Last month I put up the Popehat Signal to ask for help when unrepentant domestic terrorist Brett Kimberlin sued five bloggers in an effort to silence their writing about him. I have three important updates.
Update One: The Maryland State Case
So far more than a dozen attorneys and law students (not to mention other professionals) have responded to the Popehat Signal and offered to help with research, writing, and legwork in opposition to Kimberlin's vexatious state Maryland case against his critics. Two lawyers are making appearances for some of the bloggers. Any more help — particularly anyone willing to act as local counsel or counsel of record (with substantial support by those dozen lawyers) — would be very welcome. I look forward to thanking the people who responded to the Popehat Signal at the appropriate place and time.
Even with their pro bono help, Kimberlin will succeed in inflicting costs on these bloggers. They've set up a web site soliciting contributions for their defense. I think it's a worthwhile cause, and I respectfully ask you to consider it.
Update Two: The Federal Copyright Case
As you may recall, one of the defendants in the state case is an anonymous blogger named Kimberlin Unmasked. Brett Kimberlin has filed a separate pro se federal copyright suit against Kimberlin Unmasked in the United States District Court for the District of Maryland. In that suit — which you can read here — Kimberlin claims that Kimberlin Unmasked is violating his copyright in various images and videos taken from sites he runs. Predictably, a significant part of the complaint is taken up with accusing Kimberlin Unmasked — and other bloggers who aren't even defendants in this case — of "smearing" and defaming him. The complaint itself makes it rather clear that what Kimberlin Unmasked is doing is classic fair use — a limited use of the materials for the purpose of criticism and satire. Take this collage used to illustrate criticism and analysis, for instance. Kimberlin directly supports Kimberlin Unmasked's fair use argument by complaining that the pictures are being altered to criticize him: "Kimberlin Unmasked alters some of these photographs by superimposing Plaintiff's face on to other backgrounds, for instance a Nazi uniform." (Paragraph 8.)
Kimberlin's purpose is clear: he seeks another legal avenue to pierce the veil of anonymity and identify Kimberlin Unmasked, and he means to inflict expense and worry on someone who is criticizing him for being an unrepentant wrongdoer.
If you're interested in assisting in the defense of a federal copyright case, let me know.
Update Three: Kimberlin's Bizarre New RICO Suit
The third update is the strangest one.
Last week Kimberlin filed another federal lawsuit — again in the United States District Court for the District of Maryland — against a wide array of twenty-one bloggers and media figures. His defendant list includes those he has already sued in state court: Kimberlin Unmasked, Aaron Walker, Ali Akbar, Robert Stacy McCain, and William Hoge. But he has also sued such prominent conservative media figures as Glenn Beck, Breitbart.com, and Michelle Malkin, as well as other bloggers like Mandy Nagy and Lee Stranahan. Moreover, Kimberlin sues a number of conservative blogs, like Twitchy and Redstate and Ace of Spades. Kimberlin apparently believes that a blog is a separate legal entity that you can sue. This is the equivalent of saying "I'm going to sue this episode of Here Comes Honey Boo Boo because it upset me." Kimberlin also sues Patrick Frey, who blogs as Patterico. You may recall that Ron Coleman and I succeeded in getting another vexatious and politically motivated lawsuit against Patrick thrown out earlier this year.
The heart of Kimberlin's case is his claim that the defendants falsely accused him of "swatting" his critics, repeated that accusation to the media, law enforcement, and Congress, and used it to raise money. This claim arises from incidents in which several people who wrote about Kimberlin — including Patrick Frey, Aaron Walker, and Erick Erickson — were victimized by a potentially deadly hoax. In each case, someone called the police, posed as the victim, and claimed there had been a shooting at their home — prompting the sort of armed police response that can lead to tragedy. Kimberlin asserts that he had nothing to do with this, and that he has been falsely accused of responsibility.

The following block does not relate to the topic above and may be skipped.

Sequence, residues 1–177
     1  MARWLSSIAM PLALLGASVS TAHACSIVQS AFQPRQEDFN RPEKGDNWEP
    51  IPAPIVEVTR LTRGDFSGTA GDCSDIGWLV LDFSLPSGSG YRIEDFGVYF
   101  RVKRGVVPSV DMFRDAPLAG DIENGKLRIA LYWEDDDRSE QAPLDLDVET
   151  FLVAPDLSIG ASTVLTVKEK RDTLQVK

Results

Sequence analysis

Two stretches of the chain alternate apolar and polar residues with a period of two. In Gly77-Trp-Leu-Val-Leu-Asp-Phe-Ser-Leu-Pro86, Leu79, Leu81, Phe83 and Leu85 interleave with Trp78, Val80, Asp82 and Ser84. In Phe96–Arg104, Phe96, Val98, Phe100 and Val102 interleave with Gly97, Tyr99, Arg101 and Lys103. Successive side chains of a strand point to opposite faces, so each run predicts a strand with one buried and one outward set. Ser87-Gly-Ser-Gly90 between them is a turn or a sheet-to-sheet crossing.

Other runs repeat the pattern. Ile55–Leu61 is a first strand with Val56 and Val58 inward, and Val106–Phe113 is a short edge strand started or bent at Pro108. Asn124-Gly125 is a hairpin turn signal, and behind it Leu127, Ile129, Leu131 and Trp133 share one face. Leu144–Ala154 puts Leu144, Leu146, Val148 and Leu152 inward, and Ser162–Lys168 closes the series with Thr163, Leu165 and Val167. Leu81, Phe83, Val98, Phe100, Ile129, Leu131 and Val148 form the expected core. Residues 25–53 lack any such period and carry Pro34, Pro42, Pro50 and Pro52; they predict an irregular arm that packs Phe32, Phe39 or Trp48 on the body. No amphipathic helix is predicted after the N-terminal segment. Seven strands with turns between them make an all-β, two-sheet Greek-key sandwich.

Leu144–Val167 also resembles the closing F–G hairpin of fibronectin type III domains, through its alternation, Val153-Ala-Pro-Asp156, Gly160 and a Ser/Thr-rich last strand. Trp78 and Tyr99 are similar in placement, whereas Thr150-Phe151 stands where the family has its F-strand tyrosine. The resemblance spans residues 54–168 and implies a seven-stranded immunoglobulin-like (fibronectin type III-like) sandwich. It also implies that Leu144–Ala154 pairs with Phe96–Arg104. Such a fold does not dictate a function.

If nothing else, Brett Kimberlin's claims show he has a flair for the dramatic.
He begins with a RICO claim — that is, a a federal civil claim asserting the defendants are involved in a racketeering enterprise. RICO was developed to fight organized crime. To the chagrin of judges everywhere, it's now mostly used by angry pro se litigants and uncreative and self-serious lawyers. RICO is notoriously difficult to plead correctly, and RICO claims are commonly dismissed multiple times. Both federal and state judges tend to look on RICO claims with disfavor, perceiving correctly that a complex statute devised to fight the mafia and narcotics traffickers is now being used as a sort of exclamation point on mundane civil claims. Some federal judges are so tired of bogus RICO claims that they issue standing orders requiring plaintiffs to file elaborate factual explanations of their RICO claims.1
This is not Kimberlin's first RICO claim, by the way. He filed one from prison, over unsatisfactory pornography:
In January 1987, in federal court in Madison, Wisconsin, Kimberlin sued Crest Paragon Productions, alleging false advertising, breach of contract, mail fraud, conspiracy, and violations of the Racketeer Influenced and Corrupt Organizations Act (RICO). According to the complaint, instead of the thirty magazines and sixteen books Kimberlin expected when he responded to a back-of-the-book advertisement placed by Crest Paragon, he was sent “fifteen pamphlets and three paperback books of low quality.” He described this material to me as “real old four-by-six black-and-white pictures that looked like they were from the 1960s and came from England.” The tepid paperbacks had titles like Making a Score and Coed Habitation.
Kimberlin continues with a Section 1983 claim, which asserts that Patrick Frey violated his civil rights while acting officially as a Deputy District Attorney. If that sounds familiar to my readers, it's because it's the same bogus theory — right down to some notably similar phrases — that Nadia Naffe used in her frivolous and censorious suit against Frey. Naffe lost when a federal judge agreed with us that Frey — who scrupulously points out that he is blogging as a private citizen, not as a Deputy District Attorney — was not acting "under color of state law" when he blogged about her. In accusing Patrick Frey of acting in his official capacity when he blogs, Kimberlin is knowingly lying to the court. He cites posts in which Frey explicitly states he's blogging as a private citizen but dishonestly conceals that detail from the court: